May 23rd, 2011
05:04 PM ET

Preacher now says end of the world will happen in 5 months

By Kim Hutcherson and Dan Gilgoff, CNN

(CNN) - Harold Camping is sticking to his apocalyptic guns.

In his first radio broadcast since his doomsday prediction failed to pan out in a spectacularly public fashion, the California preacher insisted his was an error of interpretation, not fact.

What's more, he has another calculation for the day the world will end - October 21, 2011.

Camping had kept a low-profile since Saturday, the day he had forecast for the return of Jesus Christ to Earth. He and his devoted followers have been warning for months that on May 21, a select 2% to 3% of the world's population would be taken to heaven. Those left behind would face months of tribulation before perishing in the Earth's destruction, which Camping said would happen on October 21.

This is the basis for his new prediction, which Camping claims is not new at all. He told listeners on his Family Radio broadcast Monday that God is "loving and merciful," and had decided not to punish the humanity with five months of destruction.

But he maintains that the end of the world is still coming.

"We've always said October 21 was the day," Camping said during his show. "The only thing we didn't understand was the spirituality of May 21. We're seeing this as a spiritual thing happening rather than a physical thing happening. The timing, the structure, the proofs, none of that has changed at all."

However, Camping said his group would not be mounting another advertising push. In the months leading up to May 21, Family Radio billboards popped up across the country, warning that the end was near.

"We're not going to be passing out tracts," Camping said. "We're not going to put up any more billboards. We're not going to be advertising in any way. The world has been warned. We did our little share and the media picked it up. But now the world has been told, it's under judgment."

Fred Store, who led one of four RV caravans that toured the country in recent months to spread the word about judgment day, said he and other followers heard Camping's broadcast "and we were quite happy - it will be interesting to see what the next couple of months will bring."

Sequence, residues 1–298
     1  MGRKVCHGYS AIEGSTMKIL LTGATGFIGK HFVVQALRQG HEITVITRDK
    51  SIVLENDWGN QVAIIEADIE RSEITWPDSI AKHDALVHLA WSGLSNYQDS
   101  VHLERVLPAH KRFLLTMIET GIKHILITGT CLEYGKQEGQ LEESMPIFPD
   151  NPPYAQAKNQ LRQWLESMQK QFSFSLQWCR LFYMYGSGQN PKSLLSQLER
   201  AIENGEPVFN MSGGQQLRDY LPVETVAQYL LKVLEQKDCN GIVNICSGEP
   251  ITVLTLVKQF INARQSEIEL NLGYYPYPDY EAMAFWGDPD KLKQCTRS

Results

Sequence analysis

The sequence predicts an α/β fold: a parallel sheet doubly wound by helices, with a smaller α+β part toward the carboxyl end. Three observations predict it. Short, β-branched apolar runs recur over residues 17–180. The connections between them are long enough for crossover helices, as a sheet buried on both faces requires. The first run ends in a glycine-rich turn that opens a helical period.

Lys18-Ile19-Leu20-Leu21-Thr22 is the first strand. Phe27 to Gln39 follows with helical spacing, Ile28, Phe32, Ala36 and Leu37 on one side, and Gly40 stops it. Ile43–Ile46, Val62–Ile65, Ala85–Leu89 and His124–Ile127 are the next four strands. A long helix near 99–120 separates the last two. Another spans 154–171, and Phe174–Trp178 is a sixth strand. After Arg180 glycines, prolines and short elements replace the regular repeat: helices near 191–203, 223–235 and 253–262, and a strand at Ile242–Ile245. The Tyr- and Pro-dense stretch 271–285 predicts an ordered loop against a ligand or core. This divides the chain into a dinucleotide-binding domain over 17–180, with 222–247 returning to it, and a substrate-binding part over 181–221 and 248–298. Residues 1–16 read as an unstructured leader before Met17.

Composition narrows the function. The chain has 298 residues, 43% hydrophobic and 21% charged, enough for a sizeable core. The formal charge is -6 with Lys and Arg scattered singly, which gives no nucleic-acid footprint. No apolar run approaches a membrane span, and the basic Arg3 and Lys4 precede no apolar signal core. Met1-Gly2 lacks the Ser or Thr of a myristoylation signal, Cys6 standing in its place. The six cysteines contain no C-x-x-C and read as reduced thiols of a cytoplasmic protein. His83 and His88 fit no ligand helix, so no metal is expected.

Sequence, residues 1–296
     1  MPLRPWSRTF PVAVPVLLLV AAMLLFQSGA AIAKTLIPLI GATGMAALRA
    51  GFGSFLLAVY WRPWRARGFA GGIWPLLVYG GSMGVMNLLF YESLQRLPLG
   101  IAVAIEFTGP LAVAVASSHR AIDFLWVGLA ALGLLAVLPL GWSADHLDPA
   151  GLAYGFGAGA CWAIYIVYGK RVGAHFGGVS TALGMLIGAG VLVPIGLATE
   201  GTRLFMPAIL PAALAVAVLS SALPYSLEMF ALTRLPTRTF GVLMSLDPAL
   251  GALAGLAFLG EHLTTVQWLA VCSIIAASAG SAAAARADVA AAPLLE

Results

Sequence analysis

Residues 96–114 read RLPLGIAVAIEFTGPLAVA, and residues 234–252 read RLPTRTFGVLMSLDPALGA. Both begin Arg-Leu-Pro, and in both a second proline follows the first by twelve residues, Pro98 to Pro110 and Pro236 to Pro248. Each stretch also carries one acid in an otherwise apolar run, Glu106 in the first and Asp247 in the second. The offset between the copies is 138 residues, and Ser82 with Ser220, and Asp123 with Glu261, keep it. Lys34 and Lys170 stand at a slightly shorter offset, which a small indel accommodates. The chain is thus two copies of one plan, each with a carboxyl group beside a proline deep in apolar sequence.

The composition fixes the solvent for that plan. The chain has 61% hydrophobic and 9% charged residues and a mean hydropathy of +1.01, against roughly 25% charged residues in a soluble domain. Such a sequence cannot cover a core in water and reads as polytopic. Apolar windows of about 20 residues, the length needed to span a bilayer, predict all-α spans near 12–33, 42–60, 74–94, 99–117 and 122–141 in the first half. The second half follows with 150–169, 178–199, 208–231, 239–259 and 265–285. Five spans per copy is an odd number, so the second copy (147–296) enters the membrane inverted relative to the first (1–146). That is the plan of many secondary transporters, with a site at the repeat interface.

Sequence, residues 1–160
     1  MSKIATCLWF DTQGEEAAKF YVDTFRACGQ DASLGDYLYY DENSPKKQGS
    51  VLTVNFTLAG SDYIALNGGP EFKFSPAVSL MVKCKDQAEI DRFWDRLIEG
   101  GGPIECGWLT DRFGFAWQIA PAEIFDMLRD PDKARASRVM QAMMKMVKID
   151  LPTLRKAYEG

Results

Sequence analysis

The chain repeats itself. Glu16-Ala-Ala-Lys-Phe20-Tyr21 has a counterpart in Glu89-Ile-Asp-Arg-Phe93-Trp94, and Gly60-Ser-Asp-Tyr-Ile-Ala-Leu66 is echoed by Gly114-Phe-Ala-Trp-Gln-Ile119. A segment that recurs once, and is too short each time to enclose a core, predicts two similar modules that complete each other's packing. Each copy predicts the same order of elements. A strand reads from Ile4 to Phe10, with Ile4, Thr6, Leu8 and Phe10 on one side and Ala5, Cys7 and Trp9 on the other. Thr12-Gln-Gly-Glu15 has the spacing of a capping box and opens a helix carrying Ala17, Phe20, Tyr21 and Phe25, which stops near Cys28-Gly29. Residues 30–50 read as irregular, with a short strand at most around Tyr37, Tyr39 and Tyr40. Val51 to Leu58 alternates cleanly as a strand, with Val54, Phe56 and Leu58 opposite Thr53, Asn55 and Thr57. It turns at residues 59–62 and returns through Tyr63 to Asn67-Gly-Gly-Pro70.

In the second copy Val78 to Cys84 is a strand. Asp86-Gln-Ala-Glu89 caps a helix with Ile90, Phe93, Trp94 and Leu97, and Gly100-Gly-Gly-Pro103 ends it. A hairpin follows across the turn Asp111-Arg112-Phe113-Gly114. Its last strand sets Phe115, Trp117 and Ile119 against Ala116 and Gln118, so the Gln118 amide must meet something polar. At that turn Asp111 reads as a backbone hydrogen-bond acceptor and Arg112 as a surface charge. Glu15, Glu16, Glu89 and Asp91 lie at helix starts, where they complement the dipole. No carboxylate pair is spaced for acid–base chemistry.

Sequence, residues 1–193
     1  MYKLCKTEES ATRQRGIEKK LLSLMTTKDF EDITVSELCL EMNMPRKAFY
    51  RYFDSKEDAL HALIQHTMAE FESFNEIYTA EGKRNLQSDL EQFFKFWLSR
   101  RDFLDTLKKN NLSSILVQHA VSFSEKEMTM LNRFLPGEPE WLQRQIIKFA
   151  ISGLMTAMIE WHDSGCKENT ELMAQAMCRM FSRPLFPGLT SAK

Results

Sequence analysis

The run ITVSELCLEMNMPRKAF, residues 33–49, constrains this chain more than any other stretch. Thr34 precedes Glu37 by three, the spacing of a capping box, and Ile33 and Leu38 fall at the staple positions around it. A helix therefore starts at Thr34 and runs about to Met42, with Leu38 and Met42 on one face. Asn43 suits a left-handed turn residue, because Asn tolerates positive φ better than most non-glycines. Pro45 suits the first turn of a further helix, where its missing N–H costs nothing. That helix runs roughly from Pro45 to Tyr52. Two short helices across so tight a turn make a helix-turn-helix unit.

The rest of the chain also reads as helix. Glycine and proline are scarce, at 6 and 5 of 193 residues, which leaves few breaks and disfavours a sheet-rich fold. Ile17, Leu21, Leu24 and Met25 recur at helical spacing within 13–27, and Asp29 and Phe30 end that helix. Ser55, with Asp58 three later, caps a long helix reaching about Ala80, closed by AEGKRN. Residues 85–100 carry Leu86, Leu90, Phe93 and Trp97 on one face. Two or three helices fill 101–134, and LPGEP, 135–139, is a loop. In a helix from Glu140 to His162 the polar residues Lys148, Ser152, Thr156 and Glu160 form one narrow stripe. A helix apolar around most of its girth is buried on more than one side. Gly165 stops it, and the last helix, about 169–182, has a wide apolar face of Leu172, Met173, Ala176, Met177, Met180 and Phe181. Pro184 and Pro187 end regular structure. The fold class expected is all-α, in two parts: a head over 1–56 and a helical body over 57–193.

"It appears as though this whole [rapture] thing happened in a spiritual, rather than a physical way," said Store, 66. The retired electrician said that he and the other nine members of his five-RV caravan were still at an RV park where they waited for the rapture to arrive on Saturday.

He said the park was within 100 miles of Boston, Massachusetts, but didn't want to disclose the specific location. He said the caravan was waiting for word from Camping's ministry, Family Radio, about arranging the return of the vehicles to the broadcaster's Oakland, California, headquarters.

Store said he and the others in his caravan were not disappointed that the dramatic events associated with the rapture had not come to pass.

"We think that judgment day did happen," he said. "It didn’t result in an earthquake, and there were a number of things that weren't exactly the way we said they would be, but we were only reading from the Bible.  We’ve been humbled by the whole experience."

Camping founded Family Radio, a nonprofit Christian radio network with about 65 stations across the country, in 1958. It received $80 million in contributions between 2005 and 2009.

He first inaccurately predicted the world would end in 1994. Despite his poor track record, he has gathered many followers. Some gave up their homes, entire life savings and jobs because they believed the world was ending.

Reporters who were allowed to ask questions during the broadcast Monday pressed Camping on this issue, but he would not admit that he bore any blame for his followers' predicaments.

"I don't have any responsibility," Camping said. "I'm only teaching the Bible. I'm telling ... this is what the Bible says. I don't have spiritual rule over anybody ... except my wife as the head of the household."

Experts in apocalyptic movements said that reinterpretations like Camping's are not uncommon in the wake of failed doomsday predictions.

“Historically, failed prophecies tend to result in disillusionment, with members deserting the group, or, more typically, a faith-saving (and face-saving) statement to the effect that while divine revelation remains infallible, human calculation is not,” said Lorenzo DiTommaso, author of the forthcoming book “The Architecture of Apocalypticism” and an associate professor of religion at Concordia University in Montréal, Canada.